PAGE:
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Muting Misinformation: Can Congress legislate a solution?

Mark Sableman August 24, 2020
Illustration of a figure with a TV head speaking through a megaphone, and someone changing the channel

In Part 3 of our series on political misinformation, we explore if new Internet legislation passed by governments could be used to prevent the spread of misinformation. READ MORE

With Illinois Supreme Court ruling, tech crimes meet constitutional arguments

Mark Sableman October 28, 2019
Illustration of man prying open a lock containing a cloud

In a case addressing the constitutionality of an Illinois statute covering intentional non-consensual dissemination of private sexual images, the state Supreme Court has shed light on how technology-based crimes may be addressed and litigated in an era where courts have little experience in addressing this type of crime. READ MORE

Can social media posts be tortious or criminal?

Mark Sableman August 27, 2018
Illustration of man yelling from phone

Drawing the line between protected speech and unprotected action is one of the oldest issues under the First Amendment. Recent cases involving social media postings are bringing the issue into the 21st century. READ MORE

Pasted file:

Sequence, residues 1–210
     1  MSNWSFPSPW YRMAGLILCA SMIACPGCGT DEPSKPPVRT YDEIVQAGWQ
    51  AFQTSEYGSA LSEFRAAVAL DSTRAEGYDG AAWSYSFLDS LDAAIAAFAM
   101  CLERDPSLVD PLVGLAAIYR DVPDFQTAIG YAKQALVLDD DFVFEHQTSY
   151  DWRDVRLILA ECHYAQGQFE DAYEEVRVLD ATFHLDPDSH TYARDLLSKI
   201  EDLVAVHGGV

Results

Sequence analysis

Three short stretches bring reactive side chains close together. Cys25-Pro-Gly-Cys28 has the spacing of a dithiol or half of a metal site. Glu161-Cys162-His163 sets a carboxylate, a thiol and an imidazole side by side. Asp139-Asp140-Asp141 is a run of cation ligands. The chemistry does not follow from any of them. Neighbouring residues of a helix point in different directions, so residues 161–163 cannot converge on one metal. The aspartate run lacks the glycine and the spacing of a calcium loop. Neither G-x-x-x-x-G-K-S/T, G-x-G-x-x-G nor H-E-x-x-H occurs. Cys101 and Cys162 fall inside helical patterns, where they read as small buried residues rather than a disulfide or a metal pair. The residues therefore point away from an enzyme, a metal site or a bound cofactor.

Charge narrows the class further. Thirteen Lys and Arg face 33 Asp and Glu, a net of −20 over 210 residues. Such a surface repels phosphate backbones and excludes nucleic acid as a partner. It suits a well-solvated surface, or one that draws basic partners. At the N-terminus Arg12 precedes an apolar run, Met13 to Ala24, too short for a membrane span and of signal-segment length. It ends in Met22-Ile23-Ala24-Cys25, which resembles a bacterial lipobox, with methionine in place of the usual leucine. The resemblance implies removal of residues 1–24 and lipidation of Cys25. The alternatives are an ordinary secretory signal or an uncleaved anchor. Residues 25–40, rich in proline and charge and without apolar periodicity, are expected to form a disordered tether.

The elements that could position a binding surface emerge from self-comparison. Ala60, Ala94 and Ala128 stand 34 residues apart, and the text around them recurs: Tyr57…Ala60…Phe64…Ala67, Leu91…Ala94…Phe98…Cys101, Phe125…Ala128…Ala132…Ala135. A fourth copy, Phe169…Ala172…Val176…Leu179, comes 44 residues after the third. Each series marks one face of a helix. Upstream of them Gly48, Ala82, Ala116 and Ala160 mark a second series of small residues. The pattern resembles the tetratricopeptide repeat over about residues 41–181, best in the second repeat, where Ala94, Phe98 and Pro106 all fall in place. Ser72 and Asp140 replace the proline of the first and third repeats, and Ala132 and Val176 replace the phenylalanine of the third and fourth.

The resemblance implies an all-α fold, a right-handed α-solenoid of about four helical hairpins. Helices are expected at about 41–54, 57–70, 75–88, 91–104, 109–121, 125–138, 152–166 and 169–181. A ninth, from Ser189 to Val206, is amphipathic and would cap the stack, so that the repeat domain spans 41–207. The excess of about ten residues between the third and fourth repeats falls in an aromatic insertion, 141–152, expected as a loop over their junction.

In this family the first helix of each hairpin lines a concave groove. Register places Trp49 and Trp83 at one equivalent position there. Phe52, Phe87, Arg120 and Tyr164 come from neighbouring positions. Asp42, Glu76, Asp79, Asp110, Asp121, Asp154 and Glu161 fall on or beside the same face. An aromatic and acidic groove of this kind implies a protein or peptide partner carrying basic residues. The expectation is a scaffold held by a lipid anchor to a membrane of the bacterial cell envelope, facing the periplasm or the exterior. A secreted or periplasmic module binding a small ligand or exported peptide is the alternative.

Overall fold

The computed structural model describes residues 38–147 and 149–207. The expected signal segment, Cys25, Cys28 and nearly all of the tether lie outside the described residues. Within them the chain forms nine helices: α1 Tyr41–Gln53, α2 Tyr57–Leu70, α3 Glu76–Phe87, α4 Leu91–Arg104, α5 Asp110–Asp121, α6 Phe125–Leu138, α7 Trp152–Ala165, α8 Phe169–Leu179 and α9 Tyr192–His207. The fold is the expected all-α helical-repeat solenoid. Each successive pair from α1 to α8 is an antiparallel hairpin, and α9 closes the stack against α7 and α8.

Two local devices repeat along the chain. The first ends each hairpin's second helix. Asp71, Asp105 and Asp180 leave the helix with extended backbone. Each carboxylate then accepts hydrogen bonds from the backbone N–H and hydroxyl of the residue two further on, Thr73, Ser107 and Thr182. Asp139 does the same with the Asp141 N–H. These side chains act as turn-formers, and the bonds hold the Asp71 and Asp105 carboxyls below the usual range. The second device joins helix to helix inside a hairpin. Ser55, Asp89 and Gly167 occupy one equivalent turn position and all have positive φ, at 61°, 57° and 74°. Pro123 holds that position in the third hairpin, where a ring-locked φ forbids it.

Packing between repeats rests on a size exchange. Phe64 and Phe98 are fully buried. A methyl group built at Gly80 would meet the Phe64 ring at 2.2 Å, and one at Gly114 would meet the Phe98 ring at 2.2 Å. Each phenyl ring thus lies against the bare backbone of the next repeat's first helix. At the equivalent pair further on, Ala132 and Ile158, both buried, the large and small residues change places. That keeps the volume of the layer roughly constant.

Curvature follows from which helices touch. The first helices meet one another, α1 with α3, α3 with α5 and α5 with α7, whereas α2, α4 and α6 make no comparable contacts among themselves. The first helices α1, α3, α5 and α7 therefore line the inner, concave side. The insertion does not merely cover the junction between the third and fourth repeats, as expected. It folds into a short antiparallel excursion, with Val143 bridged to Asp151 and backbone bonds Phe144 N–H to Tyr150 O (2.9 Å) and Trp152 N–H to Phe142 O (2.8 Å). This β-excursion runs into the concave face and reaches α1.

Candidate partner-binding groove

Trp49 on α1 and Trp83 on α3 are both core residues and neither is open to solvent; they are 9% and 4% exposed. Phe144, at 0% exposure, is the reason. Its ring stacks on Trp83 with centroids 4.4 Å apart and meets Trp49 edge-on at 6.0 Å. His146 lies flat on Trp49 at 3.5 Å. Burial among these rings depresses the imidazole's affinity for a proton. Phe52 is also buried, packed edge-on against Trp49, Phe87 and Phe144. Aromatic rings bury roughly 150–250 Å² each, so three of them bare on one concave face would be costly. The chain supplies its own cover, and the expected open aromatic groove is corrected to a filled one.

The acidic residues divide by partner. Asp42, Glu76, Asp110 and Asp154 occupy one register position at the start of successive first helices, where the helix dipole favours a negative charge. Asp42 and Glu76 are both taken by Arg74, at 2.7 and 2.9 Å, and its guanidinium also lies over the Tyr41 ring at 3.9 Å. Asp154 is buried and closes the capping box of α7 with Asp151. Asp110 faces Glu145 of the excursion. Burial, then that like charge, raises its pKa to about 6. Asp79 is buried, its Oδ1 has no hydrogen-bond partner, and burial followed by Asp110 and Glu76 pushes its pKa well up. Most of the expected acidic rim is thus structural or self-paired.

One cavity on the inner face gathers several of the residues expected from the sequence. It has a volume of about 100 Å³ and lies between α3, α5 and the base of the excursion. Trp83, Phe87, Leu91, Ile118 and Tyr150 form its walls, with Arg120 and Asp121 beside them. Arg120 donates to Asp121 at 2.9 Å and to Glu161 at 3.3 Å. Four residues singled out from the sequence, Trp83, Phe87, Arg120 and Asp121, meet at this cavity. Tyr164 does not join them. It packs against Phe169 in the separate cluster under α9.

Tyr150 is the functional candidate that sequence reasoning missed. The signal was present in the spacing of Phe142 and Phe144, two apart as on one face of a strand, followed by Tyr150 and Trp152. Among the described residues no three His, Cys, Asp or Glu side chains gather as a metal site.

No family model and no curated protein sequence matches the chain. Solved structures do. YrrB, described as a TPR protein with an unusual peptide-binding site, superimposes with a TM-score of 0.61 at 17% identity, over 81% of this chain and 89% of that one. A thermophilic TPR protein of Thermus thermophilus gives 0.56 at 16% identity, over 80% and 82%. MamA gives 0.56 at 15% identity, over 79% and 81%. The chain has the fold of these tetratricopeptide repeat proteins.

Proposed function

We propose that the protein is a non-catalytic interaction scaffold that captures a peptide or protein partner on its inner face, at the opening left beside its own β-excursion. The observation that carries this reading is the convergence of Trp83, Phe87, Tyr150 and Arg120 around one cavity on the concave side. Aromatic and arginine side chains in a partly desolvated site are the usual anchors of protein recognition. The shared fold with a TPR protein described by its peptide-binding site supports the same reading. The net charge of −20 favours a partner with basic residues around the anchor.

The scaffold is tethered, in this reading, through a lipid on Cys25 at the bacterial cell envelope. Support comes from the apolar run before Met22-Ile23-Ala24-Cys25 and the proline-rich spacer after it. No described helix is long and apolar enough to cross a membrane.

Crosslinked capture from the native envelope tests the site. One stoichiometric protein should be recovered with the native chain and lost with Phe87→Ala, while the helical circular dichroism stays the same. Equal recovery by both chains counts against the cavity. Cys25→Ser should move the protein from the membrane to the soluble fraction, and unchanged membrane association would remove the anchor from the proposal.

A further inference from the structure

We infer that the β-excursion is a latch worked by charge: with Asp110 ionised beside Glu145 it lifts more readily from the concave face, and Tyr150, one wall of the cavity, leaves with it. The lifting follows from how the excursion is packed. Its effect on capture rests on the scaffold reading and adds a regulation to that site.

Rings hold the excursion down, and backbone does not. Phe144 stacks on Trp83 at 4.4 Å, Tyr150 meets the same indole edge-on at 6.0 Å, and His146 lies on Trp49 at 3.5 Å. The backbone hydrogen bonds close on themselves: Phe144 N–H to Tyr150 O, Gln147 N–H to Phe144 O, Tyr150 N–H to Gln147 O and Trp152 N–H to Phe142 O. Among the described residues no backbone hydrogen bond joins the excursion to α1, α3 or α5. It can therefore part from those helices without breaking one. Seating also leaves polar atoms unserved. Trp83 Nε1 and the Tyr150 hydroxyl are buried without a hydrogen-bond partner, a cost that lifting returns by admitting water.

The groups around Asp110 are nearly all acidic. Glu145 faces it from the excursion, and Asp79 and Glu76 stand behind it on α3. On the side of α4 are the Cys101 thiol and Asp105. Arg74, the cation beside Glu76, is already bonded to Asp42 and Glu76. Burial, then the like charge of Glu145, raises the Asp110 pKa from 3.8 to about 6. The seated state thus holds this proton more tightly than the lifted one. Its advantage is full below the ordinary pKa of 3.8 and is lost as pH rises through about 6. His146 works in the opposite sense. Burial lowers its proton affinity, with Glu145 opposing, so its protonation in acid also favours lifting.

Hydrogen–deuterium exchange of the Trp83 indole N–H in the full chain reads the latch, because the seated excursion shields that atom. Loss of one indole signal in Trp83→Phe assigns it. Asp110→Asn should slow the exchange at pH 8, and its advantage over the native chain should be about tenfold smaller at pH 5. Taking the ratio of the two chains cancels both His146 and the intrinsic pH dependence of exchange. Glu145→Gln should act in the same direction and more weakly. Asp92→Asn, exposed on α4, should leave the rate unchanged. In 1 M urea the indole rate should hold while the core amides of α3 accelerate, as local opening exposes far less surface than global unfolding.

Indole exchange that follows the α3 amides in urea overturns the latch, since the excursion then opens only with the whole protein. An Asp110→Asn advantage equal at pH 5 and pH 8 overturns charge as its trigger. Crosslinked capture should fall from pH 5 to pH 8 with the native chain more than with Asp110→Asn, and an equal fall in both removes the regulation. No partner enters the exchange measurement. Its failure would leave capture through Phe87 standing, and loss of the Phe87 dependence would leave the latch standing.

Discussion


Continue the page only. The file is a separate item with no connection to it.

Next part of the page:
Can you be sued for posting your opinions on the Internet?

Mark Sableman September 8, 2015

Most efforts to prevent or penalize Internet comments and criticism are crushed in the court of public opinion even before they reach the courthouse. READ MORE

Journalism still struggling with an Internet that never forgets

Mark Sableman May 7, 2014

Continued publication of old information, particularly as to private persons, raises some ethical concerns. READ MORE

Court strikes down Illinois eavesdropping act, opens debate on privacy in the digital age

Mark Sableman March 24, 2014
Twists_default blog

The two cases addressed by the Illinois court highlighted a major problem with strict-liability two-party consent eavesdropping laws — they criminalize citizen recordings of their interactions with police and other government officials. READ MORE

What’s the future of free speech protections for advertisements?

Mark Sableman November 8, 2013

Even as advertising starts to look more like journalism, there’s one thing that ads certainly share with news content: First Amendment protection. READ MORE

Free speech on Facebook: You can ‘like’ but you can't threaten

Mark Sableman September 26, 2013

Facebook communications have become the newest testing ground for free speech. And the results, at least from two recent and notable cases, affirm the unusual and perhaps counterintuitive way that U.S law looks at a key threshold question: What is speech? READ MORE